US Army’s ‘all seeing’ surveillance blimps gets go ahead…


Controversial surveillance blimps that can spot a person 340 miles away have been unveiled by military firm Raytheon.

It boasts the project can offer ‘360 degree 24/7 surveillance for 30 days at a time’ – and revealed the US Army has already bought two.

One is being trialled over Maryland, with the other being kept in ‘strategic reserve’.

‘By putting JLENS in strategic reserve, the Army is giving combatant commanders around the globe the ability to pick up the phone and, in short order, receive this incredible air defense capability in their area of responsibility, said Raytheon’s Dave Gulla, vice president of Integrated Defense Systems’ Global Integrated Sensors business area.

The system is called JLENS — or Joint Land Attack Cruise Missile Defense Elevated Netted Sensor System — which is composed of an integrated radar system on two tethered, 80-yard blimps.

The blimps fly at altitudes of 10,000 feet above sea level and remain aloft and operational for 30 days, enabling the use of defensive measures against cruise missiles, low-flying manned and unmanned aircraft, and moving surface vehicles such as boats, mobile missile launchers and tanks.

Threats can be detected from as far as 340 miles away.

The Maryland systtem can detect missiles from Boston to North Carolina on the coast and as far inland as Lake Erie, according to the Washington Post.

Raytheon, which makes the craft, advertises them as useful for 24/7 surveillance.

‘What if there was an affordable way the U.S. and its allies could always “see” the threat, instead of having to hope they had a ship or airplane in the vicinity to detect the threat?,’ it says on its website.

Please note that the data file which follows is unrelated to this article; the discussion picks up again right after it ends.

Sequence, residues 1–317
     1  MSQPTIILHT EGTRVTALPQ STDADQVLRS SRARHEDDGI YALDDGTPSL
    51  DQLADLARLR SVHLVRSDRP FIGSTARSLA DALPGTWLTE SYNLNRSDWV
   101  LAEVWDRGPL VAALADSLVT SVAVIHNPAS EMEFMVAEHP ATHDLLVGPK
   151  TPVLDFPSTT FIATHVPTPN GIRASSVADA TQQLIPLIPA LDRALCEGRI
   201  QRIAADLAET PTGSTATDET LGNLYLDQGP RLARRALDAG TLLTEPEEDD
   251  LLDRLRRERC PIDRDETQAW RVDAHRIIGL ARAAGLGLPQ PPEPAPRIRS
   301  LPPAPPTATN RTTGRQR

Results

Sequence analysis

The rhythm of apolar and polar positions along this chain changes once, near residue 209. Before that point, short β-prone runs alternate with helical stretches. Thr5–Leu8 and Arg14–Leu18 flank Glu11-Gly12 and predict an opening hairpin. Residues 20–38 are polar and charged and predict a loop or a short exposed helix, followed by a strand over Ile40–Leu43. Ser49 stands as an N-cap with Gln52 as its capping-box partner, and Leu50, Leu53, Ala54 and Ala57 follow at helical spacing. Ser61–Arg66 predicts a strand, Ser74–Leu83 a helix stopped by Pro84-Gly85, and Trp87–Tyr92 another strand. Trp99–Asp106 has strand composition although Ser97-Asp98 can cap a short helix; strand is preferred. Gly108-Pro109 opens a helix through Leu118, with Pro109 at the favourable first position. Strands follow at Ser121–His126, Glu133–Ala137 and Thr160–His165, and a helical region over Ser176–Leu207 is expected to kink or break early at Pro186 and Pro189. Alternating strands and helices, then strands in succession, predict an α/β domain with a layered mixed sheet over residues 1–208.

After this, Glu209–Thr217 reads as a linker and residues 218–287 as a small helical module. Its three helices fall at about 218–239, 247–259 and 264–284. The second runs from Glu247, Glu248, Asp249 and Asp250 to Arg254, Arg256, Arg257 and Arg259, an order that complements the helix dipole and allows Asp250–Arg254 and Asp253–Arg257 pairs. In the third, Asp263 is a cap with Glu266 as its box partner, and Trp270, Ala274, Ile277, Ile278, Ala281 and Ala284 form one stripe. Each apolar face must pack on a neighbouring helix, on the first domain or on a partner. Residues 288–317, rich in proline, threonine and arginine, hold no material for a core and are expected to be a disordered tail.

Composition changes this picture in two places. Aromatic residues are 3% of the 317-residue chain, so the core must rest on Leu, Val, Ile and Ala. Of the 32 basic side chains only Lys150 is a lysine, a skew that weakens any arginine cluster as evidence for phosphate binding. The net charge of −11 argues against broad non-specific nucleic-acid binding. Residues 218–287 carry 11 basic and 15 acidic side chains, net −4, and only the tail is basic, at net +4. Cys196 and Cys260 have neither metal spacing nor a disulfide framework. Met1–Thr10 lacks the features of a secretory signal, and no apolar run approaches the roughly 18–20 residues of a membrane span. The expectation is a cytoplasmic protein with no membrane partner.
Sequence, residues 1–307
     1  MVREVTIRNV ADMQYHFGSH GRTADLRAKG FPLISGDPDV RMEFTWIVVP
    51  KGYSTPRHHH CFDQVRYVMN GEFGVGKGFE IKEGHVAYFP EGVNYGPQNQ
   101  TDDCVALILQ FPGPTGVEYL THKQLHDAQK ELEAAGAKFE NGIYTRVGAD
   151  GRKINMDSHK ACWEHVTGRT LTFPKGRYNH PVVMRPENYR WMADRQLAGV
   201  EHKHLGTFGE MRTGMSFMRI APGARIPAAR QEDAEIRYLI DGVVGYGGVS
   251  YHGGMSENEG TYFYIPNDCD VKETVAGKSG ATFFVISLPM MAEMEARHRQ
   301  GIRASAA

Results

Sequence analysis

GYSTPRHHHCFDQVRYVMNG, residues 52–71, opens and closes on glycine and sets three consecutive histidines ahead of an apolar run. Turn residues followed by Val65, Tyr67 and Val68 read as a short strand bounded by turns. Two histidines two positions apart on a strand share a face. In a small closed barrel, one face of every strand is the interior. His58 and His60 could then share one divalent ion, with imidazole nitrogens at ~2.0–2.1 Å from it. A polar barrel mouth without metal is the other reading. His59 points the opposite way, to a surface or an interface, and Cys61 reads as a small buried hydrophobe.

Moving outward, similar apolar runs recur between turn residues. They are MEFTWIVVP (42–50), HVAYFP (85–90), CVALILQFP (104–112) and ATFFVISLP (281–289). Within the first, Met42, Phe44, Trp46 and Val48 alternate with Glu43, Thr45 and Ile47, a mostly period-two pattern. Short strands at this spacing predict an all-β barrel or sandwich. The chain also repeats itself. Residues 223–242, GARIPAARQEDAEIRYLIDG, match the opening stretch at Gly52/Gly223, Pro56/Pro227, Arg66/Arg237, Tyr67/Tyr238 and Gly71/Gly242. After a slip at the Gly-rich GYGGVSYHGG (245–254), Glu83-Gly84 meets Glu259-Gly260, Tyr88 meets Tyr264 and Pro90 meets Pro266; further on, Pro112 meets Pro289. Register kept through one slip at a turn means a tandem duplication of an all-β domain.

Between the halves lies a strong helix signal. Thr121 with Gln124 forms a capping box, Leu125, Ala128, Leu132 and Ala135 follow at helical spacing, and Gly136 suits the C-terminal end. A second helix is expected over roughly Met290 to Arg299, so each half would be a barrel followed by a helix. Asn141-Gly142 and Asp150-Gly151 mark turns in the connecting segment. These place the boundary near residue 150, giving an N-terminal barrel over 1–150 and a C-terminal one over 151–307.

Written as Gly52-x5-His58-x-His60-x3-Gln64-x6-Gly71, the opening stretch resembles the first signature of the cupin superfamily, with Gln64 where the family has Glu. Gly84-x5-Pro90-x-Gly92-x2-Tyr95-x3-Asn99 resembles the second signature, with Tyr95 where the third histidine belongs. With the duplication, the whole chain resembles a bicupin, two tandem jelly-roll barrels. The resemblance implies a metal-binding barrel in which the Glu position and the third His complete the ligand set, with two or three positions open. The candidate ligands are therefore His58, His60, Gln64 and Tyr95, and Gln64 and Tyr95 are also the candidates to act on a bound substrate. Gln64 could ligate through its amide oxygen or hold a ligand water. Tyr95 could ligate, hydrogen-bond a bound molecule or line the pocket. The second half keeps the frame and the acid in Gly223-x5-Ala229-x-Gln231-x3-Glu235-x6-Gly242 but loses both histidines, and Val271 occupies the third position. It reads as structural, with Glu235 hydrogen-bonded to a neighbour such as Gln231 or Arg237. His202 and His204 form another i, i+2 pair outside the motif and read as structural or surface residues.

‘JLENS, an affordable elevated, persistent over-the-horizon sensor system uses a powerful integrated radar system to detect, track and target a variety of threats,’ Raytheon says.

Aerostats, as they are now called, are already used to protect American bases in Afghanistan and Iraq. They are outfitted with cameras and used to track insurgent and U.S. troop movements.

The dirigibles famously snared Army Staff Seargent Robert Bates slaughtering 16 civilians in Kandahar in March 2012.

Video showed Mr Bates returning to the base under what he thought was the cloak of early morning darkness.

The footage showed him carrying the rifle used to carry out the mass murder.

The blimps are also used at the U.S. – Mexico border to try to catch illegal immigrants, CBS News noted.

The army has commissioned defense contractor Ratheon to provide the airships, which will hover at an altitude of about 10,000 feet over the Army’s Aberdeen Proving Ground, for the multi-year trial run.

Privacy advocates worry the blimps will also be equipped with high-resolution cameras and radar to track the movements of civilians.

‘Right now there are no rules,’ Christopher Calabrese, of the American Civil Liberties Union, told CBS News. ‘There’s nothing that bars us from having high-powered cameras monitoring our every public movement.’

Another ACLU analyst echoed those thoughts to the Post.

‘That’s the kind of massive persistent surveillance we’ve always been concerned about with drones,’ said Jay Stanley. ‘It’s part of this trend we’ve seen since 9/11, which is the turning inward of all these surveillance technologies.’

The Army insisted in a letter to the paper that the aerostats, which can fly for as long as 30 consecutive days, will be the first line of defense against incoming missiles.

‘The primary mission… is to track airborne objects. Its secondary mission is to track surface moving objects such as vehicles or boats. The capability to track surface objects does not extend to individual people.’

The government also said that there are currently no plans to put cameras capable of tracking people on the blimps, but it could not rule out doing so in the future.

As it is currently constructed, the program is expected to cost $2.7billion.

Civilians as far away as Baltimore will be able to see them from the ground.


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